build up and train your linear thinking prevent you from just memorizing them and playing them on stage.
The Etudes are ideally practiced in many keys, and your are advised to write your own as well. This is guaranteed the fastest way to learn how to play, the way you want to play.
What the Pros are saying about “250 Jazz Patterns”:
“I highly recommend the book “250 Jazz Patterns” by Evan Tate, it is an invaluable tool for the development of improvisation in the jazz language. I use it with my students to develop their ear towards a more melodic and motif oriented approach to playing chord progressions, specifically turnarounds and the essential ii V I variations. There is more to this book than meets the eye, it not only feeds student but it teaches the student to cook so that he/she can feed themselves for a musical lifetime.”
– Chico Freeman
Tenor & Soprano saxophonist / Recording Artist
“In a world already overcrowded with instructional books written about jazz improvisation, Evan Tate’s rises to the top. I urge any beginning musician interested in becoming a more fluent improviser to buy this book. It will help you tremendously.”
– Gary Smulyan
Baritone Saxophonist/ Jazz Educator
Here is what are customers have to say about “250 Jazz Patterns”
I have played the Sax for over 30 years with bands ranging from Big Band to Rock. It seems that in every situation when it’s time to solo I revert to the same old licks. I got very bored with my solos. After playing through 250 Jazz Patterns I noticed a difference in my solo thinking and playing right away. I like how Evan has put this book together. It’s got it all. I would recommend this book to any player who wants to improve his or her improvisation skills.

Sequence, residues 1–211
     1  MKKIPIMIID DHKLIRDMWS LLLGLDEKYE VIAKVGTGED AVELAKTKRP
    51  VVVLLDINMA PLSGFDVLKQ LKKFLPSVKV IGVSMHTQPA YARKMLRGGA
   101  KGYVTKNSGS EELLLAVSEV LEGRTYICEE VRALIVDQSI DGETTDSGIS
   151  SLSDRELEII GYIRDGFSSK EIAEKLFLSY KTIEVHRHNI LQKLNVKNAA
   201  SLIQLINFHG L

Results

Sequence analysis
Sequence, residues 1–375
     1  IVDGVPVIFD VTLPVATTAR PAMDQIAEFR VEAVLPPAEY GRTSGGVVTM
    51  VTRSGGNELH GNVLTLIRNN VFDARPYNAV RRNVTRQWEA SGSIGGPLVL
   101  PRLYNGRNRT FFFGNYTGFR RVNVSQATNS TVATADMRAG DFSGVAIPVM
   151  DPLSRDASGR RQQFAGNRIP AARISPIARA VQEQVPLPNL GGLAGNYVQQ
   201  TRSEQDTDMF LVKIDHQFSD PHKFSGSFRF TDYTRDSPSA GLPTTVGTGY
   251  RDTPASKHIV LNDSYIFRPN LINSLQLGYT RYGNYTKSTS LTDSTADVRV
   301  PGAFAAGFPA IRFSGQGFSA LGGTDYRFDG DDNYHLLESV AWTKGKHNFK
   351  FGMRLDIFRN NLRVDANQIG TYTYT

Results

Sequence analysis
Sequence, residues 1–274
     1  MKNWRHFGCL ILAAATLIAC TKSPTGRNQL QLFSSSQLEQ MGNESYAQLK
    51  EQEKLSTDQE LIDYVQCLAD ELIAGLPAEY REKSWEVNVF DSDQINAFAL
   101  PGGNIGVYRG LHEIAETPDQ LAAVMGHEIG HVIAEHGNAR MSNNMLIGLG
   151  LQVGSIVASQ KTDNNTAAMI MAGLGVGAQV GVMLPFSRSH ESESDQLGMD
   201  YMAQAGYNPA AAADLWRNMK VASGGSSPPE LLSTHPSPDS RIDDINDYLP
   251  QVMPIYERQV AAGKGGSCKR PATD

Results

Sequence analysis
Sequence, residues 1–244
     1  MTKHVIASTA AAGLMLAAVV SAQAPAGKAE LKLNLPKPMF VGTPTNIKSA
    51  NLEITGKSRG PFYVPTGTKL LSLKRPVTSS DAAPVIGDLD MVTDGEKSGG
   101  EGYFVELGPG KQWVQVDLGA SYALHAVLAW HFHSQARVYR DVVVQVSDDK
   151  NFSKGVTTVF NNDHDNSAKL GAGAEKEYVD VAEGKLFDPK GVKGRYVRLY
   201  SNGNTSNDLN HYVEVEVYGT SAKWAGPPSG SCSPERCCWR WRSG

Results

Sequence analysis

Arroyo Grande, CA
Thank you, thank you, thank you Mr Tate, this is what I have been waiting for!!! I love jazz and I love to improvise, I have a pretty good ear but after a while find myself playing similar sounding stuff, I have just received the book and had a go at some of the patterns and even just the few I had a go at were brilliant, I feel this will help immensely in making my soloing more exciting and creative, not simply by copying the patterns and runs in the book but by seeing how patterns and runs are created and therefore enabling me to also create my own. I would advise any player from beginner to more advanced who wants to improvise to buy this book!!!
I just downloaded my copy of 250 Jazz Patterns by expatriate saxophonist Evan Tate. Studying patterns derived from scale and chord forms is one valid way to increase your jazz vocabulary and Evan’s book is a well thought out addition to my library of pattern books.
After many years of study and reading many jazz improvisation books, I have reached a conclusion that one of the best ways to learn to improvise is to use motives. Motives are short melodic ideas usually consisting of 2-4 notes. Riff is a slang term for a motive. The basic idea is to pick a motive and move it through the chord changes while you are improvising.
250 Jazz Patterns was a great find for me. As a long-time “legit” player who was just starting to get serious about playing jazz, I didn’t have a large repetoire of good jazz licks in my bag. This book has been a great resource to me for developing more interesting solo’s and adding ornamentations to straight melodies. Practicing the patterns on a regular basis has made me more comfortable with a larger number of licks and I also use the book to find specific progressions to plug into songs. I am now playing lead alto in a local 17 piece band and am getting a lot of compliments on my solo work, thanks in large part to 250 Jazz Patterns.
Wayne Davis, Altanta, GA